Driving Lessons for the Disabledby Megan Mattingly-Arthur
Learning to drive is an important part of any teenager's life. With the availability of adaptive driving lessons, the feelings of accomplishment and freedom can be shared with physically disabled student drivers. Here are a few things you should know about disabled driving lessons and the path to getting a driver's license as a disabled person.
Driver Aptitude Assessment
Before a person with a physical disability can begin driver's training they must first be evaluated by a physical or rehabilitation therapist to determine what teaching and vehicle adaptations must be made. Driving schools that specialize in adapted driving lessons often have an in-house physical therapist that can evaluate the needs of disabled student drivers. If not, your doctor can recommend a physical therapist to evaluate your driver aptitude.
There are a number of vehicle adaptations that can be made to make driving possible for disabled persons. These adaptations can be as simple as installing a wheelchair ramp to purchasing an adapted vehicle with hand instead of foot pedal controls. While it is possible to have almost any vehicle adapted for use by a disabled person, Ford Mobility Motoring manufactures vehicles specially designed for use by the disabled. After you've received your driver aptitude assessment, contact Ford Mobility Motoring, or similar, to discuss purchasing a custom-adapted vehicle.
Driver's training for the disabled is as varied as disabilities themselves. Your adapted driving coach will tailor your driving lessons to suit your individual needs. Depending on where your school is located and the demand for adapted driving lessons, you may receive your driving lessons in a class with students with similar disabilities or you may receive one-on-one driving instruction. In addition to learning driving laws and how to operate a vehicle, your adapted driving instruction will also cover how to get in and out of your vehicle without assistance.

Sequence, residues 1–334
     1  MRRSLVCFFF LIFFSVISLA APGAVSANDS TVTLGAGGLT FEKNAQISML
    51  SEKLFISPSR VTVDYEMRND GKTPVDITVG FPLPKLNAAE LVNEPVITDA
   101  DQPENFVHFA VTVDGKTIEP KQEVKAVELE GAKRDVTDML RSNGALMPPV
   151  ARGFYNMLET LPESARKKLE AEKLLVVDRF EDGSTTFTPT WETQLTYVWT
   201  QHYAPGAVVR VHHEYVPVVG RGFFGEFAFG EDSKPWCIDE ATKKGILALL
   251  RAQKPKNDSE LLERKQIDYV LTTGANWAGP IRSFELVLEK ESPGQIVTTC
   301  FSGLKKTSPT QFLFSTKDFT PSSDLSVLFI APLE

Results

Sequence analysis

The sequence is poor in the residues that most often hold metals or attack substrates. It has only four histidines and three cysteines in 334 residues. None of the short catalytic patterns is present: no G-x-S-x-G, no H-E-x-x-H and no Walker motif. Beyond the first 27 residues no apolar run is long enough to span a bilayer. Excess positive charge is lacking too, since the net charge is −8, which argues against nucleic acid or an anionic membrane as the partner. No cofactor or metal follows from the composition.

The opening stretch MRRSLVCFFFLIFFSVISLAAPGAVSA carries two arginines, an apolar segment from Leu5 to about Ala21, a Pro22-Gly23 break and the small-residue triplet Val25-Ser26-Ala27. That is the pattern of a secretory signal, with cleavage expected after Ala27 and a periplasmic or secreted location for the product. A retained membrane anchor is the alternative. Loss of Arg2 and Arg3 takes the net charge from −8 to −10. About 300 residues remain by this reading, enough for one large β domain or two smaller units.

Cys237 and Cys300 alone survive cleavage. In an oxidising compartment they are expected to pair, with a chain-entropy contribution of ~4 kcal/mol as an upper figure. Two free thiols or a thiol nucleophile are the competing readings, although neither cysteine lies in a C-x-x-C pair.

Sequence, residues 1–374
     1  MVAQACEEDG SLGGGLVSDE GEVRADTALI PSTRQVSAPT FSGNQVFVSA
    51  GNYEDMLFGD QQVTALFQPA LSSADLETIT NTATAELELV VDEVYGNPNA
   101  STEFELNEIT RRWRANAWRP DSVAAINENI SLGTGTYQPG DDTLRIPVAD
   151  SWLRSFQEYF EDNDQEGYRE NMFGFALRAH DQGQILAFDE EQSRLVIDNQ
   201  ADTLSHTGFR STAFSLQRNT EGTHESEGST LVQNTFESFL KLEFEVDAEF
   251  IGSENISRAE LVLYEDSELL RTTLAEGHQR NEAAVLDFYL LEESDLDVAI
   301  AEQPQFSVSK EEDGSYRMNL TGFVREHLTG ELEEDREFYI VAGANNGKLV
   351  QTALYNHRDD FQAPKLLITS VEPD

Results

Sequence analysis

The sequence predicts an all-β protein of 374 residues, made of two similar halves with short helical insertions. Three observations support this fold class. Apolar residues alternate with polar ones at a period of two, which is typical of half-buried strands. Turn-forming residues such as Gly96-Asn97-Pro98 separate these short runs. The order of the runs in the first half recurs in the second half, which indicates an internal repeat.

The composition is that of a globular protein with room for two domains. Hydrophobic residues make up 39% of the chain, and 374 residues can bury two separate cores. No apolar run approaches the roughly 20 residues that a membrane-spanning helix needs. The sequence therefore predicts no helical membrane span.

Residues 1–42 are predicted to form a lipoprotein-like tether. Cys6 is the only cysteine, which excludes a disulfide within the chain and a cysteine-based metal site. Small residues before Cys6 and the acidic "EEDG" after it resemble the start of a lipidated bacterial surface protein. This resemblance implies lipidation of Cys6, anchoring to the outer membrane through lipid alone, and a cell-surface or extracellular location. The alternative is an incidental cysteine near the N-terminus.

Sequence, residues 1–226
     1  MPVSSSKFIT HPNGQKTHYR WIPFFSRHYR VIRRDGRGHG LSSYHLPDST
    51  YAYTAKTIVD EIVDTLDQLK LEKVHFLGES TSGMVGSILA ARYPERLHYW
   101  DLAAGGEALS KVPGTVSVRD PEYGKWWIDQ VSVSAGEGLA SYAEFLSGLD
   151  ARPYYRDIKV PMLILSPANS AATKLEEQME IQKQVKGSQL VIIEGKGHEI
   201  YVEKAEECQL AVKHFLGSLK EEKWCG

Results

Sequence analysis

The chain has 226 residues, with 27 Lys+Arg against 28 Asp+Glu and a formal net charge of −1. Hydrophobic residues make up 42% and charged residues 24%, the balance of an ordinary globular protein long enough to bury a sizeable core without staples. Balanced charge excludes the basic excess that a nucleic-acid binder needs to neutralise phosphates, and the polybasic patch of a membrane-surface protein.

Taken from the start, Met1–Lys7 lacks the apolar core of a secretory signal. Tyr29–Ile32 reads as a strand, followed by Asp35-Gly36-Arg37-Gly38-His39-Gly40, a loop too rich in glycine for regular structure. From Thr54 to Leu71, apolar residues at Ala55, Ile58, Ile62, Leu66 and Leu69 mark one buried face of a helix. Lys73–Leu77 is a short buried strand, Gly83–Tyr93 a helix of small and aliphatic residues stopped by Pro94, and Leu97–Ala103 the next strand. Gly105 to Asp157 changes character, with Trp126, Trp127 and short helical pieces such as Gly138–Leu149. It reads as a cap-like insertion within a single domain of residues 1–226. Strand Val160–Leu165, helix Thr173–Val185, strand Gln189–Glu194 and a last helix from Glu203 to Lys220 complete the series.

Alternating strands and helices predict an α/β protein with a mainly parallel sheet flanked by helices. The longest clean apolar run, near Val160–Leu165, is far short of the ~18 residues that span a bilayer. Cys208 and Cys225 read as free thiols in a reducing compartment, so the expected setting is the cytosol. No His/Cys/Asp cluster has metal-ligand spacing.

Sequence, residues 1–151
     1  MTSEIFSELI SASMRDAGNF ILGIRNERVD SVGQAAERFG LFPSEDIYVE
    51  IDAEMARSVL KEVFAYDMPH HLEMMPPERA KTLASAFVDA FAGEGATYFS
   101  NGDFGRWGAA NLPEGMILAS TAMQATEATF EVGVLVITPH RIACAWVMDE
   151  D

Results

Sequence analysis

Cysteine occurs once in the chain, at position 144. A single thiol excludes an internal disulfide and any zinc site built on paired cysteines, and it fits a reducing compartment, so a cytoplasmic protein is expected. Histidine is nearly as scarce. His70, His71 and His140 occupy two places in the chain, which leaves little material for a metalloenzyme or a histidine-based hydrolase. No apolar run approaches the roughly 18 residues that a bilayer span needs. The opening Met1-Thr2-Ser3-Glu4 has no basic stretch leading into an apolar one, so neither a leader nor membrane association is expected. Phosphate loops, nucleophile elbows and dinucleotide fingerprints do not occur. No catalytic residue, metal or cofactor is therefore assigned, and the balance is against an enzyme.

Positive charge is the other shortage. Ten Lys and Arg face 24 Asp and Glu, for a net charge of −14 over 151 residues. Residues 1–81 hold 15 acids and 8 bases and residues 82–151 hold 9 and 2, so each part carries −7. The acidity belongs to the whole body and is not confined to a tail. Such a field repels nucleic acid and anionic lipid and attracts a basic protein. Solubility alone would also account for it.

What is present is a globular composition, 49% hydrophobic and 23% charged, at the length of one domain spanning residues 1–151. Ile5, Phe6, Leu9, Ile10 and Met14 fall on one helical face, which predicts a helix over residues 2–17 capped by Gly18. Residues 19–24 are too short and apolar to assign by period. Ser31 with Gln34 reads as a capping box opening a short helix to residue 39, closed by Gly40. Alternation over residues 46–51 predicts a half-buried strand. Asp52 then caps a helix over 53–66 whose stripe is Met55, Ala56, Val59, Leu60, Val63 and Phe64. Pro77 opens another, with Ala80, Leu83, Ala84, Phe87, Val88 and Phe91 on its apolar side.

The written test is administered to disabled drivers in the same way that it is administered to non-disabled drivers, unless your particular disability necessitates an adaption. If your disability affects your ability to use your hands, you may be able to take an oral driving examination instead of a written driving test. Talk to your adaptive driving coach about what test adaptations are available to your in your state.
Just like driving tests for non-disabled drivers, disabled driving students will be expected to take the final driving test to get their license in their own vehicles. If you do not currently own an adapted vehicle, arrange to rent or borrow an adapted vehicle for your driving test. Make sure that the adaptions of the loaned vehicle suit your particular disability well in advance of the test.
- photo_camera Sam VarnHagen: Flickr.com